In 1974, he played Uncle Eugene in Slawomir Mrozek’s ‘Tango’ directed by his son Anmol Vellani in which he showed exceptional talent for comedy, and in 1977 he played the lead in Vaclav Havel’s ‘The Memorandum’ also directed by his son.
I first met Zul in 1969, on the film set of K. Vasudev’s ‘At Five Past Five’ about the Gandhi trial in which I was an extra in the Court scene, and told him that I was getting married to someone from East Africa, Zul told me he had been born in Mombasa. And was so influenced by the African Movement and Jomo Kenyatta, that years later, he wrote ‘No Other Way – The Flaming Spear’, a play on the Mau Mau Uprising against colonial rule in Kenya between 1952 and 1960. Zul produced, directed and acted in the play in the 1950s.
And later he translated it into Hindustani as ‘Africa Jawan Pareshaan’. It was produced by IPTA in the early 1960s (with Shaukat Azmi in the lead) to mark the freedom that African states had achieved. The text of the play is taught as part of the syllabus in Ugandan schools.
Ever since then, the Kaifi Azmi home had been his Juhu home each time he visited the suburbs.
Handsome, gorgeous, gentle Zul never had a vicious word for anyone, nor any malice in him. He had one riveted with his anecdotes. He was never embarrassed to tell us the story of how he used to stammer as a young boy. He was farmed out to live in Japan with his father’s elder brother. His uncle was a cruel man who used to whip him. This childhood trauma caused him to stammer.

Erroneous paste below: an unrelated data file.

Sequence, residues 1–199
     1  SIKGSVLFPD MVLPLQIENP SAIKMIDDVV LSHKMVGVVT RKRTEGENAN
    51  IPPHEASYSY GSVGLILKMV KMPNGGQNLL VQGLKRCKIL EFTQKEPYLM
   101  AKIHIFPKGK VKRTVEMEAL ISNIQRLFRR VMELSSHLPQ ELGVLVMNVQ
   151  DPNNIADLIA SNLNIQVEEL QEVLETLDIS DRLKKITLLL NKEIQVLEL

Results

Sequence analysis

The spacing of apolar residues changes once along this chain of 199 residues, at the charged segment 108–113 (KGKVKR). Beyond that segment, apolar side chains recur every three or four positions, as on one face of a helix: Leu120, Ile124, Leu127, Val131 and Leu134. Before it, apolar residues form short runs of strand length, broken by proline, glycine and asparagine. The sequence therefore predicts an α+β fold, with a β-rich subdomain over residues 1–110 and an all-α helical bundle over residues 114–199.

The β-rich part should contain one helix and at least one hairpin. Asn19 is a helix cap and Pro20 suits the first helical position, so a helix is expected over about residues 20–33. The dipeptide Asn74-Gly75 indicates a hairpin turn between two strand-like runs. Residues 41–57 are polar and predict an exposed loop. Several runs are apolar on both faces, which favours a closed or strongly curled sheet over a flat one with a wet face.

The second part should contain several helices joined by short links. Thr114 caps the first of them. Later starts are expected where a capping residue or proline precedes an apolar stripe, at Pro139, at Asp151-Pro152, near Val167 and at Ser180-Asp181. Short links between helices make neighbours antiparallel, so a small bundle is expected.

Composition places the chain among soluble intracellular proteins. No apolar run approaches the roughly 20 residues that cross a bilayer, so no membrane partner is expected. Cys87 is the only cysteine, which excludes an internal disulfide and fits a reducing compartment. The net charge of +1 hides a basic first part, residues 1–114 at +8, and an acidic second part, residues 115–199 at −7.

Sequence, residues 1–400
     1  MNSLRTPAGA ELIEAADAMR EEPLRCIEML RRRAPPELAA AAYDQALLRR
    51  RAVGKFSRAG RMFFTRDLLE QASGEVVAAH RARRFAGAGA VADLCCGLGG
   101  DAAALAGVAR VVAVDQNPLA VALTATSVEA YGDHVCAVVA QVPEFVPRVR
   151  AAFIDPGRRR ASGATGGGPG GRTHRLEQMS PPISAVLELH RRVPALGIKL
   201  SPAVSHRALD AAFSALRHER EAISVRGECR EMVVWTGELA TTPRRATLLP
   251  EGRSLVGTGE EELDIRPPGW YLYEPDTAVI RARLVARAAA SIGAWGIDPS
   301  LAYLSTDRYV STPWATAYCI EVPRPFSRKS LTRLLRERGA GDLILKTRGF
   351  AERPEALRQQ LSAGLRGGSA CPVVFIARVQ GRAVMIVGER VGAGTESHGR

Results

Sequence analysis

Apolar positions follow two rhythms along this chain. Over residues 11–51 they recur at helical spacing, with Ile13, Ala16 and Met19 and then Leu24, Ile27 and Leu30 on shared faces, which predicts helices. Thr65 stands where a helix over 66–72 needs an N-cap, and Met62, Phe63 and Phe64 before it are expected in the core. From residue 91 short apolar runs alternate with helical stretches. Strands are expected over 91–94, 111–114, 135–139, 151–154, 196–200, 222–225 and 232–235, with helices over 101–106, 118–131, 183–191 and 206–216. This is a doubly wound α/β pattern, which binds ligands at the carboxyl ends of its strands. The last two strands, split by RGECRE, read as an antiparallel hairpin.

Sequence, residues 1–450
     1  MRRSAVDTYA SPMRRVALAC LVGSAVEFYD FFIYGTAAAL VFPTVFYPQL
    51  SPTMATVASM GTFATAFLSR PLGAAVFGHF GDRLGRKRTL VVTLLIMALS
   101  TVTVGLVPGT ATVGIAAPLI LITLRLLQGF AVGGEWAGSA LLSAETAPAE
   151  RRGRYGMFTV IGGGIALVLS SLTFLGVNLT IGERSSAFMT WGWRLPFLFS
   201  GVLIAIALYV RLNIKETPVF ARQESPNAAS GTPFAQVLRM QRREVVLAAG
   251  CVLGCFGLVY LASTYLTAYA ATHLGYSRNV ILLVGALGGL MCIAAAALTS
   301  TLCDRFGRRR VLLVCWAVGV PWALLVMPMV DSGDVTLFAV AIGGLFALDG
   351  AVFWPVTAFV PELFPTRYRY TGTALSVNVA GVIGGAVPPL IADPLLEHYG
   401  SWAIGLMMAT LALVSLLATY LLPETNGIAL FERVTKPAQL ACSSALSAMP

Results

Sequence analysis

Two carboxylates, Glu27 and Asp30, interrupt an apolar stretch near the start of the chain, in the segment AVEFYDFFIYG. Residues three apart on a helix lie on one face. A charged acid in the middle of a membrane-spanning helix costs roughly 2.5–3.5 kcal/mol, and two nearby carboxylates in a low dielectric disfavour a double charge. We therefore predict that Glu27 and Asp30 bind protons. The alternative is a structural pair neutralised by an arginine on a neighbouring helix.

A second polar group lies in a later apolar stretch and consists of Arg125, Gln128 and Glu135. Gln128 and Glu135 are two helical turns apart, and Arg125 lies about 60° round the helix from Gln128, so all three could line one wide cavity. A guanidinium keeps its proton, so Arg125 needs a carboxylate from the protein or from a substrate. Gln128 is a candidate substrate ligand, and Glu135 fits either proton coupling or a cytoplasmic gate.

It was only after his return to India - where a sympathetic school teacher advised him to participate in the school’s theatre activities that helped him overcome his stammering – and developed his lifelong passion for the dramatic arts.
In his professional life, he never stammered on stage or on the microphone. Sometimes it asserted itself when he was tired or stressed. He regaled us with a story about his stammering. He was once interviewing the Chief Minister of Kerala, E M S Namboodripad, who was a well-known stammerer. At one point, Zul stammered out his question to the Chief Minister, who stammered back, “Are you trying to imitate me?” In reply, Zul stammered, “No. I suffer from the same problem.”
Zul was somewhat of a Lotharia, and had women falling for him all the time. And we have grown up on stories of retaliation akin to Play Misty for me.
But we forgave him everything. And a play can almost be written on his Return to Belvedere Court where many a soirees were held with hospitality that had the table groaning with food!
His voice remains memorable on the HMV record featuring Lata Mangeshkar singing from the Gita and Gyaneshwar. HMV resisted paying his professional fees but the Nightingale was adamant. And Zul won the day.. immortalizing him forever on that album!
He became ‘The Voice’, and was known to be Indira Gandhi’s favourite commentator. On October 31, 1984 - the morning Indira Gandhi was assassinated - two mysterious men turned up at his home and insisted that Zul fly to Delhi immediately. No official announcement about her death had yet been made. But there was a chartered plane standing by for Zul.
The Prime Minister Indira Gandhi had left a message that if and when she dies, she would like Zul to do the voice over for her funeral.
And so he did. And now that voice has been silenced forever.